myths about trying to conceive

Common Sex Myths About Trying to Conceive

She just “pulled the goalie” and stopped her contraceptive. It’s now time to have that baby you’ve been talking about. You find yourself both excited and a bit scared about what happens next. And hopefully, it will happen. In fact, the odds are in your favor that it will happen, since this is one of the reasons why we were put on this good earth.

Ten Conception Myths

With the birds and bees in the air, you might find yourself believing things you hear about the do’s and don’ts of trying to conceive. Here are 10 big ones that I will bust for you, right here and now.

  1. It’s easy to conceive. Certainly not if you’re traveling all the time or you’re apart during the key times of the month. Also don’t be surprised if your sexual performance falters a bit when sex occurs on a schedule instead of being solely recreational (By the way, I can help you here).
  2. Men know what to do. Ok, true. But most men (80%) don’t know exactly when to do what they need to do. Did you know that sex should occur well before ovulation and continue through ovulation?
  3. Sex position matters. Not really. Our bodies have evolved over millions of years to maximize conception. We’re built for this. Also, using missionary, doggie, cowgirl, kneeling lotus, quarter moon or full moon to increase the odds of having a girl or boy may be fun and entertaining but lacks any evidence of effectiveness.
  4. Save it up for the big day. Don’t think of your body as a 401k account for sperm. Men don’t ejaculate sperm right after it’s made. So, if you don’t ejaculate regularly, the sperm that pour forth when you do are “older” than if you did the deed more often. And what she really needs is young, healthy sperm and not older, tired sperm. In essence, sperm have a shelf-life. It’s like saving up perishable groceries; they just don’t hold up well.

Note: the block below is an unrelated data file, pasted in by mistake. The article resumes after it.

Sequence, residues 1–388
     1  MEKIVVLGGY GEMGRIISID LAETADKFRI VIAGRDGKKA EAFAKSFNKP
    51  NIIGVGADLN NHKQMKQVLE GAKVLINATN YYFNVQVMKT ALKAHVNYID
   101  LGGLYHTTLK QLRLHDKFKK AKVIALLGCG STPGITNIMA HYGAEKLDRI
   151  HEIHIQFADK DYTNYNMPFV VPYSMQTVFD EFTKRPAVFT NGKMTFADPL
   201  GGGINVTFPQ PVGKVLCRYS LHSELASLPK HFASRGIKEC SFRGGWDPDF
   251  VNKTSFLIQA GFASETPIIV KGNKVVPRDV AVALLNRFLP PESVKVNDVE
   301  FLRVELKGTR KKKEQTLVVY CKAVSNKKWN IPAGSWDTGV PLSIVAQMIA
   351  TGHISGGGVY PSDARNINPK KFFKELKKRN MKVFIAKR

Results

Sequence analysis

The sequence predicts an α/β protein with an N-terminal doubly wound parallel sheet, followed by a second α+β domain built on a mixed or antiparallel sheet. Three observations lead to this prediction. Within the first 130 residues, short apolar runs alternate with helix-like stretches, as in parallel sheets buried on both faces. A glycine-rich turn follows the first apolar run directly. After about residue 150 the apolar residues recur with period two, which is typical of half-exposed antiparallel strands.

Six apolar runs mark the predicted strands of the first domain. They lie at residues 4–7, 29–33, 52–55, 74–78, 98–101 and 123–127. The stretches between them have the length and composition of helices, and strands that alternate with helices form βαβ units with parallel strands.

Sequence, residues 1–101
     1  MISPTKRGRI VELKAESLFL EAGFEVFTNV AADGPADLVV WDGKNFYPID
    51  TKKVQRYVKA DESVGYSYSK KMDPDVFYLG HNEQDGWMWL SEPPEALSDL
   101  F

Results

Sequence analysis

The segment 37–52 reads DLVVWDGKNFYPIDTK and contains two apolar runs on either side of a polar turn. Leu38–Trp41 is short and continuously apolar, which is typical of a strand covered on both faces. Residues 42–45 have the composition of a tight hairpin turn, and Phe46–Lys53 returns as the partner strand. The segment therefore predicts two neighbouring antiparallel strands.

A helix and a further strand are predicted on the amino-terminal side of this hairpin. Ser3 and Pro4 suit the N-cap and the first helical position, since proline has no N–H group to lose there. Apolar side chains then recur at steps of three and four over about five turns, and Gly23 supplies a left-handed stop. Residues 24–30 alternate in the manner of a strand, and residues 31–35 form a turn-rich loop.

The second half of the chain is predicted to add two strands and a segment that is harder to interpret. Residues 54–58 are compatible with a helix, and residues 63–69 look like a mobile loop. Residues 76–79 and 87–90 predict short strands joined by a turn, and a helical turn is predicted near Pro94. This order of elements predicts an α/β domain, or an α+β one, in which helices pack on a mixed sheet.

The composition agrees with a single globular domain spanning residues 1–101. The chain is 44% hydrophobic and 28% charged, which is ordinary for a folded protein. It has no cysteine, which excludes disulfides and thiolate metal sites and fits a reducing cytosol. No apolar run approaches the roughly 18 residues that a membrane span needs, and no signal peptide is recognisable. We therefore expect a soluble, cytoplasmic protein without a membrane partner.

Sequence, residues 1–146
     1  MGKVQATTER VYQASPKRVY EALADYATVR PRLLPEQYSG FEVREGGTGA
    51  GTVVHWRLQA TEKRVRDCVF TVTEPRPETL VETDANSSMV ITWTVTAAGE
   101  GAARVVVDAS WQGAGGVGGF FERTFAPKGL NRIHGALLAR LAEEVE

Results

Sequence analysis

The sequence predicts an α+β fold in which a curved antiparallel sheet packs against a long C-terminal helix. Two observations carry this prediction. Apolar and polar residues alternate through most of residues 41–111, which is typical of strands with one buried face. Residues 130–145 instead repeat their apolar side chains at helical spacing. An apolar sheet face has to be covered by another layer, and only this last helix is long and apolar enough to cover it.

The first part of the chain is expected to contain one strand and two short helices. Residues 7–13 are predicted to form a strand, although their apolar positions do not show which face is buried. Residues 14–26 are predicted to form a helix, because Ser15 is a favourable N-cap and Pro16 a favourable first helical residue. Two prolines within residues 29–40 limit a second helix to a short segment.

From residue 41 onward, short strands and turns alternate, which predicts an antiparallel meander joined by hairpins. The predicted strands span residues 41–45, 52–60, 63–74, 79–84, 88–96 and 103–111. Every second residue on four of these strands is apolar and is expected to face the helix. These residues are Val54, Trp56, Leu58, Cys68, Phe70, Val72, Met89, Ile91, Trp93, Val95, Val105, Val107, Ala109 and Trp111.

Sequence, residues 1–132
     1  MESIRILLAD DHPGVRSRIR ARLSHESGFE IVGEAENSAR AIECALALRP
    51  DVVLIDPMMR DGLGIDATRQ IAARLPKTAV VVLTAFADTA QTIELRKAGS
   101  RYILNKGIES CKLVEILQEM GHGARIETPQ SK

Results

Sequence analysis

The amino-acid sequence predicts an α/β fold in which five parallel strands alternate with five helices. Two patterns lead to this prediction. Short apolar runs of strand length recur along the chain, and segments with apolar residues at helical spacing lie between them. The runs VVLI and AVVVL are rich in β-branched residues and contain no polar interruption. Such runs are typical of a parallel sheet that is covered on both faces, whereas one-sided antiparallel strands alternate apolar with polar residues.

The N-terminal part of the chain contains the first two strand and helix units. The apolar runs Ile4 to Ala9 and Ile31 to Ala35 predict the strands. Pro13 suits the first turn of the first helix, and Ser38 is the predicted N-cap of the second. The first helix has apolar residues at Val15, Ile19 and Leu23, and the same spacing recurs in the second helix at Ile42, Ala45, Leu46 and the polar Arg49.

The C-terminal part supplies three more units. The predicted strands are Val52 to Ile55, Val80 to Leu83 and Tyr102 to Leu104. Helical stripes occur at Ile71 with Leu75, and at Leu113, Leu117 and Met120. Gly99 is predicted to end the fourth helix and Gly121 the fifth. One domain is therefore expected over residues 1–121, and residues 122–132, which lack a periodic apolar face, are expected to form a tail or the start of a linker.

5. Lubrication doesn’t matter. The worst thing for sperm is spit. Hand lotion is a close second. Pharmacy-based lubes contain antiseptics that also kill sperm. Keep it as natural as possible or head to the kitchen and use your favorite vegetable or olive oil if you must.
  6. Have as much sex as possible. Every other day sex is best for two reasons: Men need time to recharge their payload and sperm last for 48 hours in the female system after delivery.
  7. Lifestyle doesn’t matter much for fertility. As fertility science has advanced, especially epigenetics, we now know that everything you imbibe, inhale or snort, including pot, alcohol, tobacco, and other recreational drugs, has an effect on sperm. For the best fertility, treat your body like a temple.
  8. Your health doesn’t matter much for fertility. Wrong again. Remember this word: epigenetics. Your diet, weight, exercise and stress levels all have an impact on sperm health. This may not be obvious from the semen analysis but becomes clear as we take a “deeper dive” into sperm function.
  9. You’re not part of the infertility problem. Biggest myth out there. When infertility hits, men are the problem in one-third of cases and share the blame in half. So get checked out if things aren’t happening, as it could very well be you!
  10. We’re going extinct. This one drives me crazy. Although sperm counts may be falling in developed countries over the last half century, they are still in the normal range and there is no evidence that we as a species are less fertile. Don’t stress about this, but do take great care of yourself.

Remember your body wants to be fertile; it’s your bad habits that hold it back.

This article first appeared on Dr. Turek’s blog.

Image by Sasin Tipchai from Pixabay 

Dr. Paul Turek, Medical Contributor

View posts by Dr. Paul Turek, Medical Contributor
Dr. Paul Turek is an internationally known thought leader in men’s reproductive and sexual health care and research. A fellowship trained, board-certified physician by the American Board of Urology (ABU), he has received numerous honors and awards for his work and is an active member in professional associations worldwide. His recent lectures, publications and book titles can be found in his curriculum vitae.

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